Rail-based systems carry just over a third of all transit trips (35%) but have the greatest maintenance needs, with a backlog of $59 billion. Source: American Society of Civil Engineers

Why is it “critical”? Passenger trains and mass transit systems provided 10.8 billion passenger trips in 2014.

What are the signs of crumbling? Congress need look no further than the Washington, D.C. Metro’s service interruptions and safety lapses as an example. President Obama said recently, “Look, the D.C. Metro historically has been a great strength of this region, but over time we under-invested in maintenance and repair.” In 2013, the Federal Transit Administration (FTA) identified an $86 billion backlog in deferred repair and replacement of transit assets.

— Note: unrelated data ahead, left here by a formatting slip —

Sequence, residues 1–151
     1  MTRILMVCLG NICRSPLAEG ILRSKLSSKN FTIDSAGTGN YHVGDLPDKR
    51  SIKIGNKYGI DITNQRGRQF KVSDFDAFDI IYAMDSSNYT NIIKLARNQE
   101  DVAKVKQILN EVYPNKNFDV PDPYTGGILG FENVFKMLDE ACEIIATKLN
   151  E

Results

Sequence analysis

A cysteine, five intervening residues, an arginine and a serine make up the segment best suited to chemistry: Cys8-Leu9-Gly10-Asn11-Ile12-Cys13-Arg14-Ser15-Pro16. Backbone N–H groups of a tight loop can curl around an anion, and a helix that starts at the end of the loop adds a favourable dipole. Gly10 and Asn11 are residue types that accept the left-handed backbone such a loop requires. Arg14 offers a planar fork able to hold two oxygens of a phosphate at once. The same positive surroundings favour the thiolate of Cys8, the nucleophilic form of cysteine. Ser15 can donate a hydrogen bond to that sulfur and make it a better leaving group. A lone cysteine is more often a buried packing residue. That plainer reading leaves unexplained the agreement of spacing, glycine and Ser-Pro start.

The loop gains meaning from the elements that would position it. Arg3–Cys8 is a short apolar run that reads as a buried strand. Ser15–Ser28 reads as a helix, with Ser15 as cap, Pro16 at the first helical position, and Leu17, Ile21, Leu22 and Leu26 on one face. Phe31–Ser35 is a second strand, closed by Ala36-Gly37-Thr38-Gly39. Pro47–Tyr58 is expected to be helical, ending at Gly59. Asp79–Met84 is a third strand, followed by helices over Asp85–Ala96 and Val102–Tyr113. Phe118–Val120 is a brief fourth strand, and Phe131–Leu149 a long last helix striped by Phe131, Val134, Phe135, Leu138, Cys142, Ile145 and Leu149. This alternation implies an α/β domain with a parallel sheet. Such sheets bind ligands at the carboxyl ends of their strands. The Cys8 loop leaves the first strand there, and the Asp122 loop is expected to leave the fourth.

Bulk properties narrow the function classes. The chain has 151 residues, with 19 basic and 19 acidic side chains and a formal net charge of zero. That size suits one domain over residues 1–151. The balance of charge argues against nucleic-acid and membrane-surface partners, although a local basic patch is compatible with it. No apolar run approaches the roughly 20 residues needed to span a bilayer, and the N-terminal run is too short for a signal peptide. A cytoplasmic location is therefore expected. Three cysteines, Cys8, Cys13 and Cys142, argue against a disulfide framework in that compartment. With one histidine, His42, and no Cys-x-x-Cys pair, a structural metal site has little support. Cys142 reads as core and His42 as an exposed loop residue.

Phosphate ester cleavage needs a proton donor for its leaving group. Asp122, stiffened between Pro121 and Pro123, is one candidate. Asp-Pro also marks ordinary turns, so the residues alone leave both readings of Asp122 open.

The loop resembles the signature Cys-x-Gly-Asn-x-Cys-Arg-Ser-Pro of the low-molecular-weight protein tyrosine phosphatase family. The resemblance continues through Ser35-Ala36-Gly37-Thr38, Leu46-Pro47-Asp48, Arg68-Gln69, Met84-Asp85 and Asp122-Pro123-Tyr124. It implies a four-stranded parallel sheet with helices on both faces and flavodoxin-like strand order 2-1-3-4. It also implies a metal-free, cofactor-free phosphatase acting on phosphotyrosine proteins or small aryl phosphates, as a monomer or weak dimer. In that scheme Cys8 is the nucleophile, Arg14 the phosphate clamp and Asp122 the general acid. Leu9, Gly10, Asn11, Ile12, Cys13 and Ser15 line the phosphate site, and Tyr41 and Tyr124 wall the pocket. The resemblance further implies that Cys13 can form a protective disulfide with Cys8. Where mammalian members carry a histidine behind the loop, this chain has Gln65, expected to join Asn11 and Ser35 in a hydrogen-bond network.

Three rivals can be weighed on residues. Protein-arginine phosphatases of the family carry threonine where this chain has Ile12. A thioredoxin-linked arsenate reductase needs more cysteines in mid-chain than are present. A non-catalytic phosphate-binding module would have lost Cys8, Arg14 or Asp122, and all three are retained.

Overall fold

What’s being done to repair it? Passenger rail is actually one of the infrastructure subsectors in the best shape. According to ACSE, Amtrak doubled its ridership from 2000 to 2012, capital investment between 2009 and 2013 exceeded $75 billion, and more tracks, bridges and tunnels are being created to add new capacity

The Tip of the Crumbling Infrastructure Iceberg

If you’ve been keeping up with the math, then you’ll notice that the transportation sectors only account for a few hundred billion of the $3.6 trillion ASCE claims is needed to modernize infrastructure. Other crumbling critical infrastructure in need of funding includes energy, water, communications and manufacturing. I’ll explore those in a future post.